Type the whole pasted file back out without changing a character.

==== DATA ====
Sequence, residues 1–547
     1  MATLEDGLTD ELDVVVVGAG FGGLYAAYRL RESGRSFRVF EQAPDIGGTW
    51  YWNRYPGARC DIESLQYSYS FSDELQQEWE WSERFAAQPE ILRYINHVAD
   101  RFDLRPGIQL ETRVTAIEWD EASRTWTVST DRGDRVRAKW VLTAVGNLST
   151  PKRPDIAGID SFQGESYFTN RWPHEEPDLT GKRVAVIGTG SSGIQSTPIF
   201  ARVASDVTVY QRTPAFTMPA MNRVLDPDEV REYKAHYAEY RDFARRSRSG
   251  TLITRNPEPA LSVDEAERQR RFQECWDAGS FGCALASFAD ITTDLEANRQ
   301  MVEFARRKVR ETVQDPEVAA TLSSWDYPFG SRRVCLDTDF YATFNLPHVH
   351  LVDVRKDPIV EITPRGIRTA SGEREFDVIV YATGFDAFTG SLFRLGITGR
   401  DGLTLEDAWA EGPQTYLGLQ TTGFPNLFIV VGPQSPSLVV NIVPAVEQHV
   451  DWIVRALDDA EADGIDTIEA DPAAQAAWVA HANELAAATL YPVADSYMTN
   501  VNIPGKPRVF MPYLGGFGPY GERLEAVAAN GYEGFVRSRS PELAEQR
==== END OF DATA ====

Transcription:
Sequence, residues 1–547
     1  MATLEDGLTD ELDVVVVGAG FGGLYAAYRL RESGRSFRVF EQAPDIGGTW
    51  YWNRYPGARC DIESLQYSYS FSDELQQEWE WSERFAAQPE ILRYINHVAD
   101  RFDLRPGIQL ETRVTAIEWD EASRTWTVST DRGDRVRAKW VLTAVGNLST
   151  PKRPDIAGID SFQGESYFTN RWPHEEPDLT GKRVAVIGTG SSGIQSTPIF
   201  ARVASDVTVY QRTPAFTMPA MNRVLDPDEV REYKAHYAEY RDFARRSRSG
   251  TLITRNPEPA LSVDEAERQR RFQECWDAGS FGCALASFAD ITTDLEANRQ
   301  MVEFARRKVR ETVQDPEVAA TLSSWDYPFG SRRVCLDTDF YATFNLPHVH
   351  LVDVRKDPIV EITPRGIRTA SGEREFDVIV YATGFDAFTG SLFRLGITGR
   401  DGLTLEDAWA EGPQTYLGLQ TTGFPNLFIV VGPQSPSLVV NIVPAVEQHV
   451  DWIVRALDDA EADGIDTIEA DPAAQAAWVA HANELAAATL YPVADSYMTN
   501  VNIPGKPRVF MPYLGGFGPY GERLEAVAAN GYEGFVRSRS PELAEQR